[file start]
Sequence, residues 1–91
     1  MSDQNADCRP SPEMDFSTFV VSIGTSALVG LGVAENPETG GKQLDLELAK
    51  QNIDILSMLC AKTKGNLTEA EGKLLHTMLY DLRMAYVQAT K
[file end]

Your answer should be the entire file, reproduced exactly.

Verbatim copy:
Sequence, residues 1–91
     1  MSDQNADCRP SPEMDFSTFV VSIGTSALVG LGVAENPETG GKQLDLELAK
    51  QNIDILSMLC AKTKGNLTEA EGKLLHTMLY DLRMAYVQAT K